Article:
posted on October 10, 2006

David (Maister) said:

In case my humor went over everybody’s head, I was trying to be funny with this blog post. I don’t write proposals at all, let alone generic ones, but I read them all the time. It struck me that even thought the ones I read try to be customized and specific, they all end up looking like the other (ie generic). Hence, my attempt to write this post.

I don’t REALLY recommend that you write generic propposals (although many people do, and many people buy them.)

The conversation I would lilke to strat is this: have I captured the essential elements of most consultaing proposals? If you DID have to write one, what else would you want to include?

posted on October 10, 2006

David (Maister) said:

Thanks, Charlie. I knew you’d elaborate the point well : Cyrano de Bergerac is another of my favorite movies” I have loved but one man and I have lost him twice!”

posted on October 10, 2006

Melissa said:

Is it just me or does anyone else think that the FIRST step in developing a proposal (regardless of the “type”) is to ensure accuracy in spelling and grammar?

There are two overt spelling errors in the opening paragraph of this article. These simple mistakes are indicative of a lack of attention to detail and create the appearance of a lack of professionalism. The result is that many clients will seek services elsewhere.

I am no longer “stunned” by the plethora of consultant web home pages, often a client’s initial introduction to services provided, that contain errors in spelling and grammar.

I am actually toying with the idea of marketing myself as a “consultant to consultants” who want “two make shure there pajes and artickles are profeshunal”.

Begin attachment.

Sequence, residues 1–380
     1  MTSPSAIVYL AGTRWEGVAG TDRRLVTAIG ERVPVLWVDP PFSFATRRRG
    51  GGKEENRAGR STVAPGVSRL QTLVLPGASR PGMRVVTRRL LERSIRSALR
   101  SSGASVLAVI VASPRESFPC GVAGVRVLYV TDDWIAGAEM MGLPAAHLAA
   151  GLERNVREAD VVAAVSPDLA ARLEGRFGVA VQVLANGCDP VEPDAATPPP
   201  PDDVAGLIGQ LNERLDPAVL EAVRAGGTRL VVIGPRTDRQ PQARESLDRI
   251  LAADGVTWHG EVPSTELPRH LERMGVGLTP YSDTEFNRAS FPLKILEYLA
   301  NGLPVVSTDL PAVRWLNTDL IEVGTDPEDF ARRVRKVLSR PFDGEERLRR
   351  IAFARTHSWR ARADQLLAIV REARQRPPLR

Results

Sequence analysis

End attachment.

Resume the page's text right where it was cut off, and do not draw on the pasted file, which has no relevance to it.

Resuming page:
Any takers?

posted on March 23, 2008

David (Maister) said:

Sorry, Melissa. I don’t have a spell-checker on my blogging program, and my typing skills are pathetic. I don’t say you’re wrong.

I’ve been lenient on myself because I think I’m literate – it’s not a lack of knowledge, but haste and sloppiness. Perhaps that’s your point.

What do others think? How serious is it if a blogger has typos and mispelled words?

posted on March 23, 2008

Brian Thomas said:


Spell check would have addressed this. Often those with too much attention to detail can’t see the big picture. Those individuals would not make good consultants, in my opinion, or good managers.


posted on February 3, 2010

Jon Ketcham said:

David –

Though thispost is a bit late, the question I have for you is, if you don’t use proposals, how do you go aboutobtaining your consulting assignments?

The consulting I do at this stage is primarily that of acting as an advisory board member for small companies that have never had an advisory board before. As such, it doesn’t lend itself to specific deliverables like a benchmarking report.


posted on February 12, 2010